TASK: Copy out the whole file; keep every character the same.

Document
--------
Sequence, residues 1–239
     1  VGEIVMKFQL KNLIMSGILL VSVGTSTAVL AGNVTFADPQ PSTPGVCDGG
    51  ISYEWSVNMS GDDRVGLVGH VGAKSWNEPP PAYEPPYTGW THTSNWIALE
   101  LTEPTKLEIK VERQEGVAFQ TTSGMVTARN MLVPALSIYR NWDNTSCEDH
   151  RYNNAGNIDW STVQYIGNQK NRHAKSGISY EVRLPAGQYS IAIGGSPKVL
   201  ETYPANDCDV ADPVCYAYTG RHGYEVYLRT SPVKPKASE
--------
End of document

Sequence, residues 1–239
     1  VGEIVMKFQL KNLIMSGILL VSVGTSTAVL AGNVTFADPQ PSTPGVCDGG
    51  ISYEWSVNMS GDDRVGLVGH VGAKSWNEPP PAYEPPYTGW THTSNWIALE
   101  LTEPTKLEIK VERQEGVAFQ TTSGMVTARN MLVPALSIYR NWDNTSCEDH
   151  RYNNAGNIDW STVQYIGNQK NRHAKSGISY EVRLPAGQYS IAIGGSPKVL
   201  ETYPANDCDV ADPVCYAYTG RHGYEVYLRT SPVKPKASE